While nothing new to Zero Hedge readers, the realization that everyone's purchasing power is about to be yanked from underneath them has gone mainstream. Omaha.com has just come out with a headline that leaves little to the imagination: "Get ready for higher food prices." The issue is that no matter how Chairsatan Rudolf Vissarionovich von Bernankestein spins this to whatever congressional minions he is supposed to be lying to at any given moment, the undisputed truth is that consumers have just gotten that much poorer, as prices of staples surge, and as a result capital available for discretionary trinkets plunges (here's looking at you Guitar Hero which has just been discontinued due to lack of interest... Coming to an Apple store near you in 3-5 years). Because no matter what economic voodoo Bernanke, concocts there is little he can do to change the laws of mathematics. So for those who wish to stock up on staples in advance of a price surge (thereby bringing the price jump forward), and still haven't done so, here is the "mainstream" explanation for why now is a very good time to start doing so.
Shoppers could see higher grocery bills as early as three months from now, though most of the impact won't be felt for another six months, said Scott Irwin, an agricultural economics professor at the University of Illinois.
Chicken prices are among the first to rise because the bird's life span is so short that higher feed costs get factored in quickly, he said. Price hikes for hogs take about a year and cattle two years. Prices on packaged foods take six or seven months to rise.
Tyson Foods, the nation's biggest meat company, said chicken, beef and pork prices are expect to rise this year, if only slightly, as producers seek to cover costs.
ConAgra Foods Inc. — the Omaha-based producer of brands including Healthy Choice, Banquet and Chef Boyardee — is raising prices on some of its products because of higher costs for corn and fuel, said Teresa Paulsen, a spokeswoman.
The price rally has bolstered the financial fitness of America's crop and livestock operators over the past eight months. Midwestern cropland is yielding record values. Rural banks and equipment makers report record profits.
“We're seeing record income levels for the ag community and ... wealth accumulation that cannot be denied,” said Bruce Johnson, an agricultural economist at the University of Nebraska-Lincoln. “We've moved into a whole new level.”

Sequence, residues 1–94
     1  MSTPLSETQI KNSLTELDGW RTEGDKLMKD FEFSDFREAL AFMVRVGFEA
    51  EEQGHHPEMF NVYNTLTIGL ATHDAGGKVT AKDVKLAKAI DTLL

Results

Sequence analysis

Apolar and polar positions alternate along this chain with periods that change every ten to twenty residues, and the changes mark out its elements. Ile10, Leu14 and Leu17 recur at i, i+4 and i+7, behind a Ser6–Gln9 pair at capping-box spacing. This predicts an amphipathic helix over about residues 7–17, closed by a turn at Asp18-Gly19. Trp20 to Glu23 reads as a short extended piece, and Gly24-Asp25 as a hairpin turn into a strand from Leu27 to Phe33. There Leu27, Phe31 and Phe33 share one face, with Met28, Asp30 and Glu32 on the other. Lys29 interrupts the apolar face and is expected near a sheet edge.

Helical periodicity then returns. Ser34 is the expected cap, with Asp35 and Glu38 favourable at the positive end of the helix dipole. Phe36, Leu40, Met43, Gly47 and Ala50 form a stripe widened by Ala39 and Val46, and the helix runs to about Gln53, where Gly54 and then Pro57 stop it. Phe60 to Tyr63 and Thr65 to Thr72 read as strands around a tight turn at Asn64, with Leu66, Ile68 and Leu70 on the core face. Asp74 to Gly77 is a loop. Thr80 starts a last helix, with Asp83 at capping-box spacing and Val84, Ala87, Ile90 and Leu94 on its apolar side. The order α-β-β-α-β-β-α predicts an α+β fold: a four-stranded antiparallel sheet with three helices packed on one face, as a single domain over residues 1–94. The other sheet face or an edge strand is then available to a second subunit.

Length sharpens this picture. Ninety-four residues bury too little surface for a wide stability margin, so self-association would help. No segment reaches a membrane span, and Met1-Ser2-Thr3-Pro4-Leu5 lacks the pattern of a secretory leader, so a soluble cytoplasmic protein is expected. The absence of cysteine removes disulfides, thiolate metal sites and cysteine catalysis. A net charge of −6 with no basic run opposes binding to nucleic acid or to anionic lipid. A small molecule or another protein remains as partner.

Said Bruce Babcock, an agricultural economist at Iowa State University: “Farmers are going to be earning quite a bit more money.”
Jason Henderson, Omaha branch executive for the Federal Reserve Bank of Kansas City, said farmers are buying more tractors, pickup trucks, grain bins and land.
“And they also come to Omaha to shop and go to events,” he said.
But it hasn't been simply a spending spree, Henderson said. Farmers are paying down debt and fewer are seeking loan renewals or extensions.
“It's a good time to be an ag banker,” said Brian Esch, president of McCook National Bank in southwest Nebraska. “But I have concerns over what this means for consumers. If one guy is selling at a record profit, someone is buying at a record level.”
The only benefit: very soon farmers, least they produce something, will be making more than bankers. Which of course means that Wall Street will promptly vacate the skyscrapered corridors of the financial district and start pushing bales of straw for a living. Just as Marc Rogers has been predicting for over a year now.
The agricultural economies of Nebraska and Iowa will continue to grow into greater prominence as global food providers, economists said.
Johnson said rising population numbers globally and greater demand in major developing countries for higher-protein diets have strengthened the Midlands' agricultural market.
Farm cash receipts — led by corn and other crops — doubled in Nebraska from 2000 through 2010. Crop receipts alone ended the decade in the $9 billion range, up from a 2000 total of $3 billion.
Will Ben Bernanke's disastrous monetary policy be the greatest thing to happen to America's labor reallocation since Blythe Masters discovered CDS?